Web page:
Cryo-electron microscopy (cryo-EM) is a powerful technique in structural biology for determining three-dimensional (3D) structures of large biological macromolecules. Its powerful advantage of solving large macromolecular assemblies complements conventional structural biology techniques, such as X-ray crystallography and Nuclear Magnetic Resonance (NMR), bridging atomic-detailed structures of molecules with higher-level structure information of molecular machinery in a cell. Biomolecular structures have been determined by cryo-EM at an increasing pace, with over 8,000 entries now accumulated in a public database, EMDB.
Structure information (density maps) of biomolecules determined by cryo-EM often have a low resolution, which is not sufficient for researchers to identify atomic-detailed structures of molecules in the maps. Roughly speaking, if the resolution of a map is 3 Angstroms or better, atomic-detailed structures can usually be built by using conventional structure modeling tools in structural biology. When maps are at 3-5 Angstroms, tracing the main-chain of proteins becomes more difficult and would need specific software, such as MAINMAST developed in our group. In the next range of resolution, 5-10 Angstroms, which we call the intermediate resolution, one can only occasionally detect regularly patterned structures in proteins, such as alpha helices and beta sheets.
We are an interdisciplinary research group affiliated both in biology and computer science (CS) departments. As our lab physically locates in the structural biology building, we have observed numerous successful structural biology projects with cryo-EM in the past few years. On the other hand, our lab has many CS students who are eager to apply recent machine learning methods, particularly deep learning, to important problems. Therefore, it was natural for us to come up to the idea to apply deep learning to better detect local structures in intermediate resolution EM maps.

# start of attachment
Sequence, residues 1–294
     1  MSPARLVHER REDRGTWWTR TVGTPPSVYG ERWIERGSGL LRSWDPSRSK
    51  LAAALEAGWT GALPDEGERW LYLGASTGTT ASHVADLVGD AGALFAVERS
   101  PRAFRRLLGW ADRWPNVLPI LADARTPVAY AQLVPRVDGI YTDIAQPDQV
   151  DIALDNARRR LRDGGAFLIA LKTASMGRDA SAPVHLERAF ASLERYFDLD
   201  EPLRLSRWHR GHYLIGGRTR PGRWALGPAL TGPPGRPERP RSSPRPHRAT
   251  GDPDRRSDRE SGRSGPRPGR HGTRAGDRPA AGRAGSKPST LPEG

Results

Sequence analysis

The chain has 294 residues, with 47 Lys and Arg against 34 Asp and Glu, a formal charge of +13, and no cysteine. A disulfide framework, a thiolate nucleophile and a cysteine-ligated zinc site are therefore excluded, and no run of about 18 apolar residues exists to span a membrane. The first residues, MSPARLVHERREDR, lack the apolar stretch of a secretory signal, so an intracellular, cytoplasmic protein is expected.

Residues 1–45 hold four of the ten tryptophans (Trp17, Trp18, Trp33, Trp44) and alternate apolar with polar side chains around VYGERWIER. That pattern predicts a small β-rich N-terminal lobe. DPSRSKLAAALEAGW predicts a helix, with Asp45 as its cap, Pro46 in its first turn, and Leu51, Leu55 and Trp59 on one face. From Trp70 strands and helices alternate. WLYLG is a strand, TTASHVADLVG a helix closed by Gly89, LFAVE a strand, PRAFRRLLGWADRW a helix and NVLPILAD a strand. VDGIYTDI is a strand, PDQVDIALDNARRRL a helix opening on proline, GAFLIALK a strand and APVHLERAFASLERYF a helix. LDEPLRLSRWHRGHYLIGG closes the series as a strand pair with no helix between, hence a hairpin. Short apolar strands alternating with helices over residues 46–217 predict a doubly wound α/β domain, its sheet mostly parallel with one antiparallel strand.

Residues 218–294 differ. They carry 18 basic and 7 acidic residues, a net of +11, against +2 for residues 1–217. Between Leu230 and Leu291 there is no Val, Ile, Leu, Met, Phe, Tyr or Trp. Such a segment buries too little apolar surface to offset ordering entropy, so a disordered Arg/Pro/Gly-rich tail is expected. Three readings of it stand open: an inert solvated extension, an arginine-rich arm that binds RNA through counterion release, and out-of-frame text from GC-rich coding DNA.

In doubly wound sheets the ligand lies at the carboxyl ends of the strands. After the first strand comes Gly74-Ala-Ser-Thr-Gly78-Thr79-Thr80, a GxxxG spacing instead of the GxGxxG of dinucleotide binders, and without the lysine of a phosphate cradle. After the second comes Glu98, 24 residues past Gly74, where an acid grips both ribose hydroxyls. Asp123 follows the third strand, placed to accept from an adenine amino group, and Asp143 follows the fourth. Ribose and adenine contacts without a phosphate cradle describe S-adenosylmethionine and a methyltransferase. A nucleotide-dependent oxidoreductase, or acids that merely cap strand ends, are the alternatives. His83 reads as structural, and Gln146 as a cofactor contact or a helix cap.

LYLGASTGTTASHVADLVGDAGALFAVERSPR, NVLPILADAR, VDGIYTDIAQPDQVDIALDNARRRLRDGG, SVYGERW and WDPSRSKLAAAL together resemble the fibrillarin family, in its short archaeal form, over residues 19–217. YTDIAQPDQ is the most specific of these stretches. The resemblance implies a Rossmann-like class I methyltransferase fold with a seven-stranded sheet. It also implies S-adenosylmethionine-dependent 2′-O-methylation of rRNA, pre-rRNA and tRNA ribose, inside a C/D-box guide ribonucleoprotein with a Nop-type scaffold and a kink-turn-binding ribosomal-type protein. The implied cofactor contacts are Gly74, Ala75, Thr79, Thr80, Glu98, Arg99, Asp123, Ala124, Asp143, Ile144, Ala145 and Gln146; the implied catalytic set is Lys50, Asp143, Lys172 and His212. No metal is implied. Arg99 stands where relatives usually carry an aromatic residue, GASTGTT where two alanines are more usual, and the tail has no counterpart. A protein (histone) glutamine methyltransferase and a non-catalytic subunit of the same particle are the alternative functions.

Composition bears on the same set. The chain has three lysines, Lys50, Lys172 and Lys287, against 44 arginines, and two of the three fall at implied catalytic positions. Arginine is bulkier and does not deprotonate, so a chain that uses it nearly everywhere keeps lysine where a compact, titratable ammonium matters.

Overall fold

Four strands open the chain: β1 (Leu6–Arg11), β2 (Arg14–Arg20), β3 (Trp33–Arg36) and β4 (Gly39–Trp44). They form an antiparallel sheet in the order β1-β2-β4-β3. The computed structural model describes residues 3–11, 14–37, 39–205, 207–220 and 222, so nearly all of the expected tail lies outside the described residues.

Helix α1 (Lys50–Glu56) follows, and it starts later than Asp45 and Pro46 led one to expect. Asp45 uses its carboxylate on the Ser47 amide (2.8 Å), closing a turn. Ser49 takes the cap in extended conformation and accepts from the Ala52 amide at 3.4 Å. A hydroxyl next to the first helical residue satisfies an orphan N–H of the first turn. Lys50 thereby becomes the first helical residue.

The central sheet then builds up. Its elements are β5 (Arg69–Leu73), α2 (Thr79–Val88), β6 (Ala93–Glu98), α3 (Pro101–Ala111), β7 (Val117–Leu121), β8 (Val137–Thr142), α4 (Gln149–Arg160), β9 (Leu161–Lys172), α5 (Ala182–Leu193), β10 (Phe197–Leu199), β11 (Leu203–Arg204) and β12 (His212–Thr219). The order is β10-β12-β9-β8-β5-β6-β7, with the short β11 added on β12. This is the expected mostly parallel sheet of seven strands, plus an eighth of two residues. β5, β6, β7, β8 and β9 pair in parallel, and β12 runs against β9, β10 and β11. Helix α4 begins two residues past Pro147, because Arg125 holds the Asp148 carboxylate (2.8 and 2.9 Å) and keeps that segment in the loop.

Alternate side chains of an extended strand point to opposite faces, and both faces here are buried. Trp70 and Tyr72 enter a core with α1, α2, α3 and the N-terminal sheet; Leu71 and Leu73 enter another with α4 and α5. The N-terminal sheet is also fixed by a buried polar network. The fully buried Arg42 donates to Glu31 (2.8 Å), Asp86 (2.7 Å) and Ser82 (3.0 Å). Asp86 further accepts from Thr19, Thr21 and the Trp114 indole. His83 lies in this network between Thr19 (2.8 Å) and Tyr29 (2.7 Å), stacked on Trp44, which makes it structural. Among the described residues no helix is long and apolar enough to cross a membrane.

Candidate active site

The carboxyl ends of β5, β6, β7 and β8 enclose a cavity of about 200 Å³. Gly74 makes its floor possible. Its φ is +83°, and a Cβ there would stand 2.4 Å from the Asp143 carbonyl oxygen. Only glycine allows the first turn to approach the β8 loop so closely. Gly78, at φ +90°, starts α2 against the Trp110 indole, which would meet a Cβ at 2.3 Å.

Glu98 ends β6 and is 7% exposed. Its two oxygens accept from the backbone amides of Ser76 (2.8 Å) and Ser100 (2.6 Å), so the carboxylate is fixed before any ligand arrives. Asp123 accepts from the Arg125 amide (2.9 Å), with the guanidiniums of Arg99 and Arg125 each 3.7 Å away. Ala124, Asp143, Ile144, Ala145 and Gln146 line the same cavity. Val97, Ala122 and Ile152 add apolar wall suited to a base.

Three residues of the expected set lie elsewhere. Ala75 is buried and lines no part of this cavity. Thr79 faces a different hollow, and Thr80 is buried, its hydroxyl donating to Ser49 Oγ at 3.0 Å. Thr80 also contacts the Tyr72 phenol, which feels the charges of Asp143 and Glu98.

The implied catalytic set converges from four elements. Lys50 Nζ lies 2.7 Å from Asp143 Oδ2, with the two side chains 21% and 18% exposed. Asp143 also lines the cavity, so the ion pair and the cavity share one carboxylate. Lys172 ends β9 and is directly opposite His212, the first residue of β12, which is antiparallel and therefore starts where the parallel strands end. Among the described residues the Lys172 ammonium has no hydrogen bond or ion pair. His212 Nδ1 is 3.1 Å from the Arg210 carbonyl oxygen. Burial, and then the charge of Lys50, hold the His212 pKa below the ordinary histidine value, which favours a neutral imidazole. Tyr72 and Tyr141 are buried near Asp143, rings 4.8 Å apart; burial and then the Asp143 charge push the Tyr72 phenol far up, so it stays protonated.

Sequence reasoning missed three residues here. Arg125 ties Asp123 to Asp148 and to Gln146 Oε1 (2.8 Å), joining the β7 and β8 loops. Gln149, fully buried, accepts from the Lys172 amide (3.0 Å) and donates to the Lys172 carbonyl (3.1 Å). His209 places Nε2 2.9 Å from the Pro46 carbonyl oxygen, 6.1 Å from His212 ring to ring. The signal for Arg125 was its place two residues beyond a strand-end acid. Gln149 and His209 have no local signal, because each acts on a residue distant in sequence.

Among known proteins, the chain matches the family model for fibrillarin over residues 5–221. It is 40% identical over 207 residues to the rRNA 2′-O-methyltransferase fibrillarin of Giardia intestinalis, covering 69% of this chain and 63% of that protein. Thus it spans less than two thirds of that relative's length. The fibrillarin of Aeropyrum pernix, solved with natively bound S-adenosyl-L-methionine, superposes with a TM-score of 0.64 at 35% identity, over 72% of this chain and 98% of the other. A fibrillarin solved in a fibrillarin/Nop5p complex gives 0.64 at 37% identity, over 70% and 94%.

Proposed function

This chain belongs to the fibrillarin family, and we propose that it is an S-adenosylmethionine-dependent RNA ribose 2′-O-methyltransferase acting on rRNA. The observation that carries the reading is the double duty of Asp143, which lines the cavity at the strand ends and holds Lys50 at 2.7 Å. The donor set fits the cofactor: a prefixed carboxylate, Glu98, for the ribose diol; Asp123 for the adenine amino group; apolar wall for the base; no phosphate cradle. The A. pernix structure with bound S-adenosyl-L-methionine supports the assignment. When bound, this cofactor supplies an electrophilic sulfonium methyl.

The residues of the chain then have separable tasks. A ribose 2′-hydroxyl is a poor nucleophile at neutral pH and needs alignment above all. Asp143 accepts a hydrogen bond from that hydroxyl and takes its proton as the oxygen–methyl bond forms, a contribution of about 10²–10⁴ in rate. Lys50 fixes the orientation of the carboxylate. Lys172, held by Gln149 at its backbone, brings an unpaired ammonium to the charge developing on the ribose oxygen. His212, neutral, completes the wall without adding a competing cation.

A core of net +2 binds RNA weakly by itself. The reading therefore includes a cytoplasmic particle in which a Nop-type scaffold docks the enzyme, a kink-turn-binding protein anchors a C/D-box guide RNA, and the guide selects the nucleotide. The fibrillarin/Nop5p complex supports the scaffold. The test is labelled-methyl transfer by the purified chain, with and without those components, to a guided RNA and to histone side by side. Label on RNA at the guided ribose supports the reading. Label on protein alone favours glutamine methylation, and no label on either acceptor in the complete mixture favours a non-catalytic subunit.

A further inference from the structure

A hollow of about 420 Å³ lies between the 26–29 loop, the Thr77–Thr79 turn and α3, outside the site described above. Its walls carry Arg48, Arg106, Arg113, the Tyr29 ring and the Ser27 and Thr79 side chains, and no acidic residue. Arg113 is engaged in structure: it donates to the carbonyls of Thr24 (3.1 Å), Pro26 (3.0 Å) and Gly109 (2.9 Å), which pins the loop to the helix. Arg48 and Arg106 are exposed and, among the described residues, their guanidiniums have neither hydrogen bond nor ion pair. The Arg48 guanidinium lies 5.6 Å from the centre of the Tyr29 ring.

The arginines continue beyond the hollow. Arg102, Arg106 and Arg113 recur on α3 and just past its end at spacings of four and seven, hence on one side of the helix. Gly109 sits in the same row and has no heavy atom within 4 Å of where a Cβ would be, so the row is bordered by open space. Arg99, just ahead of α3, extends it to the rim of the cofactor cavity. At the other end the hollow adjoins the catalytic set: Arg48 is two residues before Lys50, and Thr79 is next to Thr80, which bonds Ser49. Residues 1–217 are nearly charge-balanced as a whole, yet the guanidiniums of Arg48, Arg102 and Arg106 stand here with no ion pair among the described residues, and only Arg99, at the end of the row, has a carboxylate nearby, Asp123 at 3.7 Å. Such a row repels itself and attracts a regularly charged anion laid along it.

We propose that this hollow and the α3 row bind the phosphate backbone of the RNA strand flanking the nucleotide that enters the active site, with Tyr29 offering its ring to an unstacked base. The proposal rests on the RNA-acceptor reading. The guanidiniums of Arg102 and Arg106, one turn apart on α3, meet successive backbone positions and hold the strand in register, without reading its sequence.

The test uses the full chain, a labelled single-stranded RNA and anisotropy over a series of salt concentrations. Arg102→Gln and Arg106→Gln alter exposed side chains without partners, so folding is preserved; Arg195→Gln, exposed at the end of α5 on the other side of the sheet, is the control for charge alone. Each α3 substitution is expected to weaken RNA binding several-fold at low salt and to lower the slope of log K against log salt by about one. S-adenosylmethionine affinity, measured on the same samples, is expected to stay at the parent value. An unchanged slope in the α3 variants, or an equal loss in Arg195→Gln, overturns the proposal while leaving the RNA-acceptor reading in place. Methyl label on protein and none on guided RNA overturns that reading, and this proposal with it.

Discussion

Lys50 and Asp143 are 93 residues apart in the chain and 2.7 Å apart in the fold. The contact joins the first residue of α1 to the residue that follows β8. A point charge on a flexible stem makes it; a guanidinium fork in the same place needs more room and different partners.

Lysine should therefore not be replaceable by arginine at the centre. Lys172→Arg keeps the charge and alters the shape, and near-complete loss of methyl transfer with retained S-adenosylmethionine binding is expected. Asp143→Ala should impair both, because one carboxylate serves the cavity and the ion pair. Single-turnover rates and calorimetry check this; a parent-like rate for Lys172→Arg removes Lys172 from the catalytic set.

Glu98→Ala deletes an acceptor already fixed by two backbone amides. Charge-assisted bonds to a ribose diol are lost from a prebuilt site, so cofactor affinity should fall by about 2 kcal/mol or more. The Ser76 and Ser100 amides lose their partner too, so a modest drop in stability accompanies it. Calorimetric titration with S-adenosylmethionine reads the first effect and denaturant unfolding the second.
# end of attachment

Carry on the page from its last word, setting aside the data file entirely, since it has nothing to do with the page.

We started to apply 3D convolutional neural networks (CNNs) to intermediate resolution EM maps about two years ago. CNNs would be a reasonable choice because it has been very successful in image recognition tasks. CNNs worked very well from the beginning for computationally simulated EM maps generated from known atomic-detailed biomolecular structures because simulated maps have no noise. But structure detection in experimentally determined cryo-EM density maps was more difficult because real maps are not as “clean” as simulated maps, e.g. having uneven local resolutions and different noise levels. To have good performance on real maps, we needed to train our CNN on real maps, which also suggests a different nature between simulated maps and real maps. As shown in the paper, our method worked relatively well for real maps at close to 10 Angstrom resolution.
The architecture of our network is standard for CNNs, except that it concatenates two networks. The first network is a standard CNN, which captures density features of local structures. Now, the second network takes the raw probability values from the first network and “smoothens” predictions so that nonphysical local structure assignments, e.g. acute changes of secondary structure types, are removed. This architecture is inspired by a classical neural network-based tool for protein secondary structure prediction from a protein sequence (PSI-Pred). Thus, our method inherited knowledge from bioinformatics.
This is how our tool, Emap2Sec is built – it is an outcome from active daily discussions in our lab by lab members of different backgrounds and educations. We are thankful to all the lab members as well as our interdisciplinary arrangement by the College of Science of Purdue University.
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